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Pictures taken from
"A Pictorial Review of Wayne County, Kentucky"

Published by the Wayne County Historical Society. Copyright Wayne County Historical Society, 1984.

Membership in the Wayne Conty Historical and Genealogical Society can be obtained by writing to the Society at P.O. Box 320, Monticello, KY 42633. Most recent information is that membership is $10/year. The above book was a limited edition of 500 copies and is no longer available for sale by the Society.

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DenneysA group at Jep Denney's Store, below the schoolhouse at Slickford. The
store was built around 1868 and is still in use. Doc Shearer owned the store before 1900 and sold it to "One Legged" Tom Powers. Powers wore a wooden leg which stuck in the mud and caused him trouble. It is said he had
a rock wall built to the height of his knee so he could walk from the Slickford Store to his house, the road, and the barn on his one good leg and the other knee.


parsonageThe old log house next to Lockett's Chapel Methodist Church on the Conley Bottom Road. At one time used as a Parsonage for the Monticello Circuit. It is still standing but weatherboarded.

Locketts ChapelLockett's Chapel United Methodist Church was one of the first to be
organized in Wayne Co. It was organized in the home of William Lockett about 1802. Two log houses preceded this building near the William Lockett farm. The present building was erected in 1940.


West MetcalfThe West-Metcalf house. Back; Tom, Lizzie, Cleve, Mary, Bob.Seated; George Metcalf, Ellen Metcalf. This was Wayne County's first brick house, built by Isaac West in 1800. Elder "Raccoon" John Smith preached here and General Felix K. Zollicoffer used it as his headquarters before the battle of Mill Springs on 19 Jan 1863. After the battle it was used as a hospital for many of the wounded. Allen Russell West, Isaac's son, buried over a dozen soldiers in the family cemetery here on the West farm. Lizzie Metcalf was the last person to live in this house.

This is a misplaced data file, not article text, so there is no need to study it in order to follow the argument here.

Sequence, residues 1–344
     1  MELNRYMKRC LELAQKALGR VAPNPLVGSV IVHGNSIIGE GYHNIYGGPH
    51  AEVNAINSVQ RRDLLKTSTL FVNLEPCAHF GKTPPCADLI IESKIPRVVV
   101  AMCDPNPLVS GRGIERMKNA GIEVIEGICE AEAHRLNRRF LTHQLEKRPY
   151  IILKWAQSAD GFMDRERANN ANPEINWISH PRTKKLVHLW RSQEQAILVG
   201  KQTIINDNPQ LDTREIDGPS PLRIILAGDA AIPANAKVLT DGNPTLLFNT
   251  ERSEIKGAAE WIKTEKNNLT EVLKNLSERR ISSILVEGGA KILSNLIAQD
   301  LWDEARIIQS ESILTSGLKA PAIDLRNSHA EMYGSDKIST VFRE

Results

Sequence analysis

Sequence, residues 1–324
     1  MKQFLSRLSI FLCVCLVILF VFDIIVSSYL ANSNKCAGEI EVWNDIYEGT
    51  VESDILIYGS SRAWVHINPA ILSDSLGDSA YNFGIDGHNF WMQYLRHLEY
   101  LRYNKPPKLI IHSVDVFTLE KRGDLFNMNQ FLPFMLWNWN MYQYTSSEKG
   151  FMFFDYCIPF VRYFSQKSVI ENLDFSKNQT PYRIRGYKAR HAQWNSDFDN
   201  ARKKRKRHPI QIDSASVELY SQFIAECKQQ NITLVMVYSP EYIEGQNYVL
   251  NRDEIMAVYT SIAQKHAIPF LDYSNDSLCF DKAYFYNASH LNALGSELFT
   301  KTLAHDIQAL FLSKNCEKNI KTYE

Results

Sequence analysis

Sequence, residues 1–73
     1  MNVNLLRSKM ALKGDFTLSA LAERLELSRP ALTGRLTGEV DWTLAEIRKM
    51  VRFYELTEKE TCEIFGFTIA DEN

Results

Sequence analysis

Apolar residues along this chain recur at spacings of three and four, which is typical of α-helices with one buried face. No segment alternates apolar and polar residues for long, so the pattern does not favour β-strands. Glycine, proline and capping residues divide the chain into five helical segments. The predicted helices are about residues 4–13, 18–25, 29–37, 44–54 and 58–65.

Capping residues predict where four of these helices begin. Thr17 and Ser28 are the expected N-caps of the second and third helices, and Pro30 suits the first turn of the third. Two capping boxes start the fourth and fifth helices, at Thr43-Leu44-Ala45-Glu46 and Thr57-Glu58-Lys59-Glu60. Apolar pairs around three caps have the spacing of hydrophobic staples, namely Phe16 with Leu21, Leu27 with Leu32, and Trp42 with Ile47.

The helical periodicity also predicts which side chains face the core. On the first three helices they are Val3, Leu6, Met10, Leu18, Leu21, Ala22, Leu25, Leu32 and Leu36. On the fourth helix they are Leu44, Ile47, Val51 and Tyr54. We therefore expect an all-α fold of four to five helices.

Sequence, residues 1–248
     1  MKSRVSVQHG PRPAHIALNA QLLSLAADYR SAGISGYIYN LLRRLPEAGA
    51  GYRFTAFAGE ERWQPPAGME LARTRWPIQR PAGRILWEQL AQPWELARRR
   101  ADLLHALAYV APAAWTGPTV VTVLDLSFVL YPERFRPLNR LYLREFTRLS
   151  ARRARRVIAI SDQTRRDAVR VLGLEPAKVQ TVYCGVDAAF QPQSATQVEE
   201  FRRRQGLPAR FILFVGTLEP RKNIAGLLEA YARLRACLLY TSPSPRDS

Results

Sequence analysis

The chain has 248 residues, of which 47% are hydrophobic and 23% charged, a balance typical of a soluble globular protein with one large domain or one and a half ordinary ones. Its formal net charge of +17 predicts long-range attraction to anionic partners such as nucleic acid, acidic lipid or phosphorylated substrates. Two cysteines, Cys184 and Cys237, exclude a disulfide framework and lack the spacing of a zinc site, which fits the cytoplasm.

Simpson House"Aunt Susie Simpson House"
John Simpson and his wife, Christian, came to Wayne Co with several of their sons in 1799 and took up land in the Frazier community near Tuttle Chapel. His great grandson, Thomas Franklin Simpson (1837-1924) later
farmed the same land. This house was the home of William and Susannah (Buster) Simpson, parents of Thomas Franklin Simpson. Susannah is 4th from the left. The picture was taken in 1892.


Tuttle Chapel ChurchTuttle Chapel Church and Cemetery.
The hill behind Tuttle Chapel is Umber Hill, where Benjamin Price built his fort.



 
 
Fourth Courthouse Fifth Courthouse Sixth Courthouse
Wayne County's 4th Courthouse.
Completed in 1878. Burned to the ground in 1898 when a nearby fire ignited a bird's nest in its bell tower.
Wayne County's 5th Courthouse.
Considered the county's "finest courthouse". It was designed by Thomas Pierce Milburn, grandson of Thomas Thurman Milburn. Thomas Pierce Milburn was in his day considered one of the South's outstanding architects. This
courthouse was demolished in 1949.
Wayne County's 6th and present courthouse.


William SimpsonWilliam Simpson, Wayne County Court Clerk (1836-1862)
William Simpson was born on Lower Beaver Creek July 15, 1806. He was a son of Reuben Simpson, Jr. and Martha (Merritt) Simpson. He died 27 Mar 1869 and is buried in the Old Buster Cemetery. He was a preaching Elder at Pleasant Bend in the area now called Cooper. He is probably responsible for keeping the early Wayne County Court records.



 
 
The Wayne Co. jail, built in 1893.
Wayne Co. Officials, 1911-1913
Left to right; Sam Rankin, Circuit Court Clerk, Thomas Ramsey, Sheriff, Isaac Walker, County Judge, Steve Dobbs, County Court Clerk, Eli Bell, County Attorney.

Moonshine and Sheriff TateSheriff Doc Tate with a confiscated moonshine still in 1927. He was sheriff of Wayne Co 1914-1918, 1926-1930, 1938-1942.

Book on loan from Margy Ball Miles, with our thanks!


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